- Mark A. Rothstein, From SARS to Ebola: Legal and Ethical Considerations for Modern Quarantine, SSRN/Indiana Health L.Rev.
- R. Alta Charo, The Supreme Court Decision in the Hobby Lobby Case; Conscience, Complicity, and Contraception, JAMA Intern. Med.
- W. Nicholson Price II, Incentives, Intellectual Property, and Black-Box Personalized Medicine, SSRN/Harv. J. L. & Tech
- Mark William Osler, 1986: AIDS, Crack, and C. Everett Koop, SSRN/Rutgers L.Rev.
- Amanda Zibners Naprawa & Dorit Rubinstein Reiss, Medical Advice and Vaccinating: What Liability? SSRN
- Michele Goodwin, Fetal Protection Laws: Moral Panic and the New Constitutional Battlefront, SSRN/California L Rev
- Anna B. Laakmann, When Should Physicians Be Liable for Innovation? SSRN/Cardozo L Rev
- Caroline Sayer & Thomas H. Lee, Time after Time — Health Policy Implications of a Three-Generation Case Study, N Engl J Med
Today’s order from Chief Judge LaVerdiere is available here. It removes restrictions on Kaci Hickox’s movements and essentially orders her to comply with the latest CDC guidelines that she was already following on a voluntary basis. According to this report the state troopers that had been posted outside her house have left. Two paragraphs at the end of the order are worth quoting in full.
First, we would not be here today unless Respondent generously, kindly and with compassion lent her skills to aid, comfort, and care for individuals stricken with a terrible disease. We need to remember as we go through this matter that we owe her and all professionals who give of themselves in this way a debt of gratitude.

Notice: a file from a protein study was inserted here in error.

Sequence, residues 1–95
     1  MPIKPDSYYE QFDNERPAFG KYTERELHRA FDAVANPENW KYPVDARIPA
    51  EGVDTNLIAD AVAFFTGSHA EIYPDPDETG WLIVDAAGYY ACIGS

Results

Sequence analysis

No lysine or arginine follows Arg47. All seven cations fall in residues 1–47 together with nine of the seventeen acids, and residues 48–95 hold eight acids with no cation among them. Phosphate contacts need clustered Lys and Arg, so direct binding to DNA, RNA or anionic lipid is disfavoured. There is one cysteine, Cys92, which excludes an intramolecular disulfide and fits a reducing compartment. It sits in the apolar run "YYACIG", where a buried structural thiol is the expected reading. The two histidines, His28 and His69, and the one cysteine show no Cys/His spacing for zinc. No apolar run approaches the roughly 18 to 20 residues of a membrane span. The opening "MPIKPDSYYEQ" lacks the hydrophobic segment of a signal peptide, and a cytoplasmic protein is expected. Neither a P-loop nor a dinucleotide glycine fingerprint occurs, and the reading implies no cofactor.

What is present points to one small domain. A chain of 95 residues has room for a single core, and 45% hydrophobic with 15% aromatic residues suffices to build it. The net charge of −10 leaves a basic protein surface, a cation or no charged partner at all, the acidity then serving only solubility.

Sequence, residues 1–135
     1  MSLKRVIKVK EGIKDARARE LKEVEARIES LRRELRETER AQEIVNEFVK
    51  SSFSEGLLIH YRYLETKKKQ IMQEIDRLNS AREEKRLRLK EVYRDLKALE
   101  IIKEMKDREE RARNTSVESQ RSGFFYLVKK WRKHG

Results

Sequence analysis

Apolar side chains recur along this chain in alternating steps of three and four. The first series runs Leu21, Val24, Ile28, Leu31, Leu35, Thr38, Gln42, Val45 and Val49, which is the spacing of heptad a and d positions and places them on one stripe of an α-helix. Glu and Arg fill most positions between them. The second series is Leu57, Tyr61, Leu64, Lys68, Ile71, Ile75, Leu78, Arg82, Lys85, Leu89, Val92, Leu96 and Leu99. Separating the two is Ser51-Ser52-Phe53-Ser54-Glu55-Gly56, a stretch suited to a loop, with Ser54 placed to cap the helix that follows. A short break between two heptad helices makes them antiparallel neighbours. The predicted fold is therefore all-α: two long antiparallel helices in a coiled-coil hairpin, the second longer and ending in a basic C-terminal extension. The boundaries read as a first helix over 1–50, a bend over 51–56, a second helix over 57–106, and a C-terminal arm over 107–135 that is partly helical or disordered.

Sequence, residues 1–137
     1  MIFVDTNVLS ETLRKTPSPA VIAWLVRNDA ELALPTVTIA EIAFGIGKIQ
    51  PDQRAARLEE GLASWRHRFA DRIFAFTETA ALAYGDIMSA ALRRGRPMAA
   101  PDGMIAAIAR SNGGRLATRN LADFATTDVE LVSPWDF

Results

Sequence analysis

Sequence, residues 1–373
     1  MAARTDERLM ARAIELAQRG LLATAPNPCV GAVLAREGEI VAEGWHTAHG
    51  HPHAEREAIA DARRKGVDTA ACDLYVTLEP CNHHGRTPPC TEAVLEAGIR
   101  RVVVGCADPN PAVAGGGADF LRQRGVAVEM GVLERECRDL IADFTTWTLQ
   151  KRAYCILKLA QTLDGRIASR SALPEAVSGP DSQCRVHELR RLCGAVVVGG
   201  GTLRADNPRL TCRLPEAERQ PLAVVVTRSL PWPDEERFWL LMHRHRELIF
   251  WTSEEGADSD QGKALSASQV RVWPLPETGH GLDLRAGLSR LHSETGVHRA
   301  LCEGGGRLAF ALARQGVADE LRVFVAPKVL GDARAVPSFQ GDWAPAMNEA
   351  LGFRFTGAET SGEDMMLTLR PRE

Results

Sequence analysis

Having said that, Respondent should understand that the court is fully aware of the misconceptions, misinformation, bad science and bad information being spread from shore to shore in our country with respect to Ebola. The court is fully aware that people are acting out of fear and that this fear is not entirely rational. However, whether that fear is rational or not, it is present and it is real. Respondent’s actions at this point, as a healthcare professional, need to demonstrate her full understanding of human nature and the real fear that exists.…
An interview with Ms Hickox suggested she was taking the judge’s advice, “I am sensitive… I don’t want to make anyone uncomfortable.” However, according to this recent report Governor LePage believes, “we don’t know what we don’t know about Ebola” and does not trust Ms. Hickox.
The enormity of the tragedy in West Africa remains hard to appreciate even as Ebola begins to migrate into developed countries. In the U.S. mindless panic stoked by the 24 hour news cycle and fear-mongering politicians are not the only familiar phenomena. In important ways our “Ebola crisis” is only tangentially related to a malicious virus and has much more to do with the state of our health care system. Consider the following “Ebola issues”
- Ebola has been marked by uncertainty as to federal and state responsibilities for infectious disease policy, prevention and reaction. Sadly, first impressions have been confirmed by the appointment of an Ebola “czar”, a sure sign that various branches of government have not been playing well together. Such regulatory fragmentation and lack of coordination is not new. Health care is our most regulated industry emanating from a bewildering array of legislation and regulation enforced by innumerable and frequently dysfunctional federal and state agencies.